Thursday, November 14, 2013

What’s in a marriage license

I get so many emails asking for more documents so here is a marriage license.  What can it tell us?  This is one from my own family that I recently entered.

Simmons, Woodrow and Susie Johnson marriage certificate 1936Forrest County, Mississippi, Marriage Book 19: 393, Simmons-Johnson, 1936; Circuit Court, Hattiesburg.

  • The groom was Woodrow W. Simmons.  He was white, age 21 and living at Route 4, Hattiesburg.  I know it is Hattiesburg because it says R-4 City.  This marriage license was issued in Forrest County and the county seat is Hattiesburg.  If he had lived elsewhere the clerk would not have written it this way.  What is interesting is that Route 4, Hattiesburg is actually the Oak Grove area of Lamar County.  If you didn’t know that you would make the false assumption that Woodrow lived in Forrest County.  Oak Grove is just across the line.  It is closer to go to Hattiesburg than it is to Purvis which is the county seat of Lamar County.  I am not sure that Woody was actually 21 years old.  All of the other records I have for him would of made him 22.  This is a conflict that I need to resolve so one of the first things I need to order is his birth certificate.  I am not eligible to get it but I am acquainted with his granddaughter who is eligible.
  • The bride was Miss Susie Johnson.  “Miss” indicates that this is her first marriage.  She was white, age 18 and living at Route 1, Baxterville which is in Lamar County. 
  • Woodrow’s parents are listed as J. E. Simmons and Mrs. Harriett Simmons, of Route 4, Hattiesburg.  This does not conflict with any other records.  J. E. Simmons is James Elexander Simmons and Mrs. Harriet Simmons would be the former Harriet Woodard.
  • Susie’s father is identified as Bob Johnson.  No mother is listed.  I was able to find a marriage record for Robert Johnson.  (Marion County, Mississippi, Marriage Book 2: 413, Johnson-Herring, 1901; Circuit Court, Columbia).  Lamar County was formed from Marion in 1904.  His wife was listed as Miss Sarah Herring.  I have not researched her yet.  I didn’t see any other marriages in Marion County that could have been Bob Johnson.  I am assuming that she died before Susie married and that is why she isn’t listed.  Bob is listed as living on Route 1, Baxterville so it is likely Susie was still living at home at the time of her marriage.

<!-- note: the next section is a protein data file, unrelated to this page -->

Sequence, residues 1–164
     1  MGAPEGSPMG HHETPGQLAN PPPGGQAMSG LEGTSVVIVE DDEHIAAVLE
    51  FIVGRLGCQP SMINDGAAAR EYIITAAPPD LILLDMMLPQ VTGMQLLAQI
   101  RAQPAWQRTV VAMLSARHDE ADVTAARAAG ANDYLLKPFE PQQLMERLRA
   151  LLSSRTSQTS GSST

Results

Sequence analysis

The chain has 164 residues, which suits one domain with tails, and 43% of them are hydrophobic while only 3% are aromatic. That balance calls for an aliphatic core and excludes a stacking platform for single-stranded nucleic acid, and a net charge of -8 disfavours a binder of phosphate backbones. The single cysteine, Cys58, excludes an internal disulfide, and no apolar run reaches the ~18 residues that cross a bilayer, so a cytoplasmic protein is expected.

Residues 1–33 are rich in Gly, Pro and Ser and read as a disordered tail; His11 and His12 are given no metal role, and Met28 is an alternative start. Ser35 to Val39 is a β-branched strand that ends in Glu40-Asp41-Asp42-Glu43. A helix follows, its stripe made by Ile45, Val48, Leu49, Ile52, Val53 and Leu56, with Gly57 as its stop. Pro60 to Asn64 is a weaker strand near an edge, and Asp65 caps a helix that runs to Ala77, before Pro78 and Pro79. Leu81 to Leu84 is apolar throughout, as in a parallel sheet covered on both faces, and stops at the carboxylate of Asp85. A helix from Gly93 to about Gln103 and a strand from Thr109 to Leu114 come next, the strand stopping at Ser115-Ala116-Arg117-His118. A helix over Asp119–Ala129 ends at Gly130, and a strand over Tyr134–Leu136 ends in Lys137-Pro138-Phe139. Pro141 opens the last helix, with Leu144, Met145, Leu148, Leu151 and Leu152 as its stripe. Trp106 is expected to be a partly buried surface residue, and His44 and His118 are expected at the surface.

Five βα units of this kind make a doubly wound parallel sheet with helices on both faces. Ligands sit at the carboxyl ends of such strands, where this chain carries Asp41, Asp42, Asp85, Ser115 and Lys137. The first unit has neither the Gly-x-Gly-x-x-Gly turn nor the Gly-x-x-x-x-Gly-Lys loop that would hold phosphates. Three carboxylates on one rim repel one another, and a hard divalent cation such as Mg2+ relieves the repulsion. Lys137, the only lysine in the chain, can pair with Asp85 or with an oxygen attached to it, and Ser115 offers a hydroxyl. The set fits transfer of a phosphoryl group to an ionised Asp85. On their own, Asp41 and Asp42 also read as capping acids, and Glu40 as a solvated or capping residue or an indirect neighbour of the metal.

• Woodrow and Susie both signed their own names but their handwriting isn’t the best.  A check of the 1940 census will tell me how far in school they went.
  • Their license was issued 03 Jul 1936.
  • There is an affidavit swearing Susie’s age.  This is dated 03 Apr 1936 [typo?].  What is really interesting about this is that her father is not the affiant but rather Haney Simmons is. Haney Simmons would be Smiley Haney Simmons (yes, Smiley is his real first name).  What I can’t figure out is why.  Smiley is actually Woodrow’s relative (first cousin).  Why would he be vouching for Susie?  I can’t answer this one yet.
  • Woodrow and Susie married on 04 Jul 1936, the day after the license was issued.  They were married by Chapp Lott (who didn’t sign the certificate).  This would be Rev. Nathan “Chap” Lott (not too many people in Lamar County that I don’t know).
  • The license/certificate was not filed until 28 Sep 1936.  The clerk was Len [?] Cox.  His name doesn’t mean anything to me.

Besides answering the basic questions of who married whom and when and where they got married, this marriage record also leads me to research in other directions.  I need to confirm Woodrow’s date of birth/age.  I will see about getting his granddaughter to order his birth certificate for me.  I also want to know about Susie’s mother.  Was she if fact already deceased when Susie got married.  What was Smiley’s connection to Susie?  That one really mystifies me. 

Copyright © 2013 Michele Simmons Lewis


  1. Don't rely completely on the prefix "Miss". Many people lied (or were mistaken) about their ages, and about previous marriages. I've often wondered about the consequences when people lied (or simply omitted complications) on their marriage applications.

  2. Fair point. I would go so far as to say always consider alternate possibilities for every bit of evidence. Using this same marriage record, the names of the parents could be totally wrong either by innocent error or intentional error. You just never know. Keeping an open mind is important.